Fake nails, cheap pants – full thickness cyanoacrylate burns

Dr. Lachlan Farmer1, Ms. Linda Quinn1, Dr. Amy Jeeves1, Dr. Michelle Lodge1, Mr. Darren Molony1, Dr. Rebecca Cooksey1, Mr. Bernard Carney1

1 Women’s and Children’s Hospital, Department of Burns Surgery, King William Road, North Adelaide, South Australia 5006. Corresponding author: lachlan.farmer@gmail.com

Nail glues are commercially available adhesive products designed for fixing cosmetic nails onto a natural nail. These products can be found in many homes around Australia in their role as nail glues or as a generic bonding agent e.g “Super Glue” or “Krazy Glue” (both containing ethyl-2-cyanoacrylate). The active compounds found in these adhesives are a mixture of alcohol and cyanoacrylates. Whilst these compounds have been modified in recent years to form safe-to-use tissue adhesives in the form of 2-octyl-cyanoacrylate (Dermabond), their predecessor found in nail glues are less so. We report on a case of nail glue reacting with cotton containing track-pants to produce an exothermic reaction resulting in a full thickness burn in a child. The underlying chemistry and safety implications are discussed.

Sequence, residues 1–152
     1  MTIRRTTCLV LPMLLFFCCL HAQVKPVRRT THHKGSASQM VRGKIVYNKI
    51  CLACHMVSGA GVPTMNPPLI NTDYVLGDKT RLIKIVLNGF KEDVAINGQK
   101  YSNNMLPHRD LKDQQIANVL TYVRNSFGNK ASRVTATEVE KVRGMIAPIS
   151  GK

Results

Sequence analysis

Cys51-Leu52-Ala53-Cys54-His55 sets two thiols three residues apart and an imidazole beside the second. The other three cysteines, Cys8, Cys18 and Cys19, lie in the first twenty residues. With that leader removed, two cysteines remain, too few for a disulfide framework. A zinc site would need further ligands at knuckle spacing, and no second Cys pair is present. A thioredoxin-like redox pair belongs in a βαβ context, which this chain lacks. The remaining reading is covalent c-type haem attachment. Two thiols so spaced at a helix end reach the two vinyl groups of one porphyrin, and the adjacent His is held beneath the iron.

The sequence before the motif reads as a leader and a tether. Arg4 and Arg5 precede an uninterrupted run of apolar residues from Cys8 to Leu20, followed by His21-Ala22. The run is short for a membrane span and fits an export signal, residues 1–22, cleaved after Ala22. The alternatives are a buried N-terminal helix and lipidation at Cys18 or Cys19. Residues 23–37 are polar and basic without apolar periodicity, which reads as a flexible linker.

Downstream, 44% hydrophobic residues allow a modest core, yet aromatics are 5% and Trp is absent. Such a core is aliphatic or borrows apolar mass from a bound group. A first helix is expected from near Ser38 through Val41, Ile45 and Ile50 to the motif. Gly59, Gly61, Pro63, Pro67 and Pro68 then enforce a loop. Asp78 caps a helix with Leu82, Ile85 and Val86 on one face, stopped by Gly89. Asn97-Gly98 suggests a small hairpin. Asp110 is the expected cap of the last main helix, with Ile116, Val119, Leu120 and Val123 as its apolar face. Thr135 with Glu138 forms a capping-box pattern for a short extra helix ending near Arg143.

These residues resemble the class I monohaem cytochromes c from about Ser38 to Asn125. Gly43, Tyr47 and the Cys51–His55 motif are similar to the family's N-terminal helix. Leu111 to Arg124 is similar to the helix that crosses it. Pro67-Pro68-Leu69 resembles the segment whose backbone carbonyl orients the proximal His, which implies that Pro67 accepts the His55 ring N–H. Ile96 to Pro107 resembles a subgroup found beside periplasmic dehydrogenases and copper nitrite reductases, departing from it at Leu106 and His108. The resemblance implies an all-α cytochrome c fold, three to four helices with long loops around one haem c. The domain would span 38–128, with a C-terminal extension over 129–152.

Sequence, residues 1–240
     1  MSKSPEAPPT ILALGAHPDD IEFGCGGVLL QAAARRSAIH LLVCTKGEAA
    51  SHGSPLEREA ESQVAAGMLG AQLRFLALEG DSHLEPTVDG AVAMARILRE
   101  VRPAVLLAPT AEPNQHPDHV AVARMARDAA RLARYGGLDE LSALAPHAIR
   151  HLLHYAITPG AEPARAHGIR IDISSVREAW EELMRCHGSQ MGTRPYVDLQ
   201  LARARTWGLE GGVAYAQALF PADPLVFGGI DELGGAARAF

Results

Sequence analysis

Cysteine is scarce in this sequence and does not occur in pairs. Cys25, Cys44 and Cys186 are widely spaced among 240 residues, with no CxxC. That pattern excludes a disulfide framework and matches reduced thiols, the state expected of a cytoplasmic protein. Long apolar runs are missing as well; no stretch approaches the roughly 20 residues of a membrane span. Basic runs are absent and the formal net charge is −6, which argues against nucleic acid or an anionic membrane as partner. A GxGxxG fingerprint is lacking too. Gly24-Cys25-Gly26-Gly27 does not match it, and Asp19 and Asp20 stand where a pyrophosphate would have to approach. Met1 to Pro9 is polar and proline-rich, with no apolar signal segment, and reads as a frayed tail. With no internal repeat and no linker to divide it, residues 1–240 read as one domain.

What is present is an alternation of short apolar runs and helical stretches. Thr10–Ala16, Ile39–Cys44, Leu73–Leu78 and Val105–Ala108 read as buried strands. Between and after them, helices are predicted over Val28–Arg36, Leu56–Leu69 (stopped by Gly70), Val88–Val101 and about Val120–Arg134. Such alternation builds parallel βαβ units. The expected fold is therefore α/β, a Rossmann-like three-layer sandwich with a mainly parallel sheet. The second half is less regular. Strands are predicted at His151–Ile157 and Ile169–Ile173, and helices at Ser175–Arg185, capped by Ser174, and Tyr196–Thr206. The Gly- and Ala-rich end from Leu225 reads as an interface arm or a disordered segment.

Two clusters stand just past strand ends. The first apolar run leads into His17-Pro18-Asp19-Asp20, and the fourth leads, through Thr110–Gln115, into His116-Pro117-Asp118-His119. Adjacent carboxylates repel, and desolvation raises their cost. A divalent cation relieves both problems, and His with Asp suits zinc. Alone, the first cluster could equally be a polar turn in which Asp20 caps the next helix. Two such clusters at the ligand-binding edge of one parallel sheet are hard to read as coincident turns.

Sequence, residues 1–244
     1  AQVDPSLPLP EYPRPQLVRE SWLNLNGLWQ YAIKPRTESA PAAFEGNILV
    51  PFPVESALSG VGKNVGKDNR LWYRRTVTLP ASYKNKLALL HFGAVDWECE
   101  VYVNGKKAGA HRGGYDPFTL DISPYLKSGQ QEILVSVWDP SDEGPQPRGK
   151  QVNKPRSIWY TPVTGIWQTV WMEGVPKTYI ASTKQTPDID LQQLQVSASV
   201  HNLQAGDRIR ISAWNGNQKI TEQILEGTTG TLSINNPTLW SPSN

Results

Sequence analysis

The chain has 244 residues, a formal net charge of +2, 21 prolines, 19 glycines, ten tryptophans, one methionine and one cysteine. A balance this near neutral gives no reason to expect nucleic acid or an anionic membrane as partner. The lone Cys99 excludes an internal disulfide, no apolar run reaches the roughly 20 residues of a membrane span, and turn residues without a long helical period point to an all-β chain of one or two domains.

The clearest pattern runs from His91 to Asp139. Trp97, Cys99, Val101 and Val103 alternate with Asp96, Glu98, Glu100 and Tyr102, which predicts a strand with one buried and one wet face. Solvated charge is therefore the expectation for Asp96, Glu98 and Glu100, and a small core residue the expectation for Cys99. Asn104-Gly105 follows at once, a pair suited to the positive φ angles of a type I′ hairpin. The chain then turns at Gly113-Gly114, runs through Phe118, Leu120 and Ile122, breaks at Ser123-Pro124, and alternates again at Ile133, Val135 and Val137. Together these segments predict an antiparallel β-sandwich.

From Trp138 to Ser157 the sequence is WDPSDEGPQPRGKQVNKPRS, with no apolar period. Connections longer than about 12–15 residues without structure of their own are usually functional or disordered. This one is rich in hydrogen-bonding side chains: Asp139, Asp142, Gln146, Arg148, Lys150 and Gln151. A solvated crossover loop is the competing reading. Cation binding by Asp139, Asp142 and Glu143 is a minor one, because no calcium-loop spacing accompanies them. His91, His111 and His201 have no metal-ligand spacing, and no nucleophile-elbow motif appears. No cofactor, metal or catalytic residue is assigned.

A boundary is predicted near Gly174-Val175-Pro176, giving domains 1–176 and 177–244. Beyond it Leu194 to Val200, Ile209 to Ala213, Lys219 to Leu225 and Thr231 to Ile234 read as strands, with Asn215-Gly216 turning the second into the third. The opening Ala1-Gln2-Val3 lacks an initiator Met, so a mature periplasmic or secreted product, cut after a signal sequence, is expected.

Key Words

Nail Glue, Children’s Burns, Cyanoacrylate


Lachlan Farmer is a Paediatric Burns Registrar from the Women’s and Children’s Hospital, Adelaide


ANZBA is a not for profit organisation and the peak body for health professionals responsible for the care of the burn injured in Australia and New Zealand. ANZBA encourages higher standards of care through education, performance monitoring and research.

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